Denmark’s Ambassador to Singapore: Delta postponed National celebration

Singapore market National Day 9. August. The country became independent from Malaysia in 1965. Photo: Roslan Rahman/AFP/Ritzau Scanpix

JydskeVestkysten recently published the latest op-ed piece in the summer series from Danish Ambassadors around the world. This time it’s written by the Ambassador of Denmark to Singapore Sandra Jensen Landi and she writes about how the spread of the Delta variant which came as a surprise to Singapore, has postponed national day celebrations.

The Ambassador writes:

The jets circled over the city in formations. The skydivers performed test jumps. The podium was finished. We all looked forward to celebrating Singapore’s National Day on 9 August with a bang. Singapore was to be commended for coping remarkably with the pandemic, and we were meant to hear the Prime Minister talk about new times free from the shadow of the pandemic. Then the delta variant made its way in and now the party is postponed. 

So far, the National Day celebrations have been postponed until the end of August, and the city-state has been shut down until 18 August. Restaurants are closed and we are only allowed to gather in groups of two.

Authorities hope it provides enough time to get the population vaccinated. They calculate that at least two-thirds must be fully vaccinated before the restrictions are eased, and 80 percent vaccinated before the country can be opened. To get the pace up, the booking system has been dropped, so you just walk in to get vaccinated. Out of a population of 5.7 million, over 65 percent are now fully vaccinated.

No one apparently knows how the delta variant made its way into the closed country at the beginning of summer. When a fully vaccinated nurse without symptoms spread the virus, it became clear that the enemy was aggressive. Two clusters of infection, in particular, caused the numbers to explode in mid-July: an outbreak at a fishing port with a large network of markets and restaurants, and an outbreak in a group of bars where guests pretend to come for karaoke but in reality come to get paid attention from the hostesses. In just a few days, infection rates rose from less than ten to more than 150 cases a day. A shutdown was launched.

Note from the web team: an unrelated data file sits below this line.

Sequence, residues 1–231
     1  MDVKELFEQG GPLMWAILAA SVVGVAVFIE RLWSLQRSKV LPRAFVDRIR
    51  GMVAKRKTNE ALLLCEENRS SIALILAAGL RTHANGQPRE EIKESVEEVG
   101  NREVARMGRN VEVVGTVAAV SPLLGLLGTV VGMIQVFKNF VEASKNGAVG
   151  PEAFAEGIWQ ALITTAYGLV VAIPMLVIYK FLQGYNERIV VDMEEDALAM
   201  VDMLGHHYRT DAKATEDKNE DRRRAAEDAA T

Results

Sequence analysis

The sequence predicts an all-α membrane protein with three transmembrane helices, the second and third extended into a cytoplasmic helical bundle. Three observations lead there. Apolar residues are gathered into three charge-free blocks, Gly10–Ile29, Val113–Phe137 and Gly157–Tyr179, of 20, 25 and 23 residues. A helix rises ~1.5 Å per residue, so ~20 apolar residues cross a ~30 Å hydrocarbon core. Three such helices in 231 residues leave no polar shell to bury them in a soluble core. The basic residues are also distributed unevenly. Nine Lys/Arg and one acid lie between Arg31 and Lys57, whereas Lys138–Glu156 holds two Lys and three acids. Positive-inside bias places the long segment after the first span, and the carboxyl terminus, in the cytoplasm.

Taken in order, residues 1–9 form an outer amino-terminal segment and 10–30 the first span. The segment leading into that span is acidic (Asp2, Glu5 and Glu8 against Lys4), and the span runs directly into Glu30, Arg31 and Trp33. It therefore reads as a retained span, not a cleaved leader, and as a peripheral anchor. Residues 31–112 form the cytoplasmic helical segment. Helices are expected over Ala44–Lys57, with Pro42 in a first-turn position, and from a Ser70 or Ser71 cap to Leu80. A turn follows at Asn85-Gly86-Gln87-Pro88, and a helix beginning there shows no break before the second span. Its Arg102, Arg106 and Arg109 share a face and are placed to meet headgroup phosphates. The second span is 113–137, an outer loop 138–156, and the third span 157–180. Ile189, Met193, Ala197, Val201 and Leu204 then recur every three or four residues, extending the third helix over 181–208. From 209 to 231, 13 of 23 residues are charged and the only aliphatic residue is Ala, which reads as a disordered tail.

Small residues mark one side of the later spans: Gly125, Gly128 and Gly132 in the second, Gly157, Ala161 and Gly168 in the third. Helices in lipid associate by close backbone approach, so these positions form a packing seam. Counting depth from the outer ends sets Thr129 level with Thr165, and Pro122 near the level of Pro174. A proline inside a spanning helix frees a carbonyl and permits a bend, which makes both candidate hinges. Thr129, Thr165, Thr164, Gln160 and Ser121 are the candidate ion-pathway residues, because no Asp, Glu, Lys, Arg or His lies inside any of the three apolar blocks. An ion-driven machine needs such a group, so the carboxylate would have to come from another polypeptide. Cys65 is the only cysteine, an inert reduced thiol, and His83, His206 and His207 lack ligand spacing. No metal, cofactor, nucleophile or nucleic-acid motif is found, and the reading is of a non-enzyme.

Singapore is honored as one of the world’s best countries to deal with the pandemic. From the summer of 2020 until May this year, the country was a largely infection-free bubble. We have worn facemasks and kept our distance, but in everyday life, we ​​could still occasionally forget that a pandemic was even going on.

The schools were open and we could go out to eat as long as no more than eight people were sitting together at a table. While the second wave stopped Christmas shopping in Europe, we went shopping in Singapore’s countless shopping malls on Orchard Road. Lots of people with glowing credit cards.

Singapore’s preferences for control, systems and, science have been reflected in pandemic management. The biggest building blocks in the bulwark have been contact tracking, quarantine, and travel restrictions. Authorities quickly realized that none of us can remember where we were two weeks ago. Therefore, SafeEntry was introduced with QR codes, which we had to scan at all inputs and outputs. It was replaced in the spring by TraceTogether, which via an app on the phone or a token in my pocket tracks who I am close to. So if I get covid-19, few people can clear my full network in a day. They are then all quarantined and tested.

To keep the infection out, the borders have long been closed. It is difficult to be allowed to enter, even as a permanent resident, and after entry, you must be in a two-week self-paid quarantine at a hotel. For the authorities, the system has worked. Despite demands for negative PCR testing before entry, they have found between five and 50 infected among the entrants almost every day, and the flow of entrants has been adjusted depending on infection pressure elsewhere.

But it is expensive to be a closed country when you make a living from being an international hub for companies and a shopping mecca for the 18-19 million tourists who usually visit the country every year. In 2020, GDP thus shrank by 5.4 percent. Although Singapore has solid savings, the country would rather not run with that kind of overdraft for several years in a row.

Singapore’s dilemma is that the population expects low risk, and neighboring countries are experiencing explosive infection rates. High infection rates create unrest after intense focus on keeping the infection down for a year and a half, and it takes time to get voters used to count in patients in intensive care units instead of infection rates. But the population is tired of homework, the economy is bleeding, companies are longing to travel, the international airport is a ghost town, and reopening elsewhere is putting Singapore’s status as a hub under pressure. How long can you wait before jobs move elsewhere?

Singapore is betting that the vaccines are a durable lifeline for a controlled reopening. Singapore stands out from other countries in the region by having come a long way in vaccinating the population. There is a large influx of vaccines, also among 12-15-year-olds, but the oldest citizens have had a harder time getting to the vaccination centers. They have not seen themselves as being at risk and they do not want to travel.

But the prime minister is appealing for their community spirit to overcome the skepticism. They are the pioneers who are celebrated on National Day for having worked hard to build Singapore’s economic success. Now they need to step in again and secure Singapore’s economic future. The party must start.

All articles from this summer’s series from Danish ambassadors around the world can be read on Avisen Danmark’s e-newspapers.

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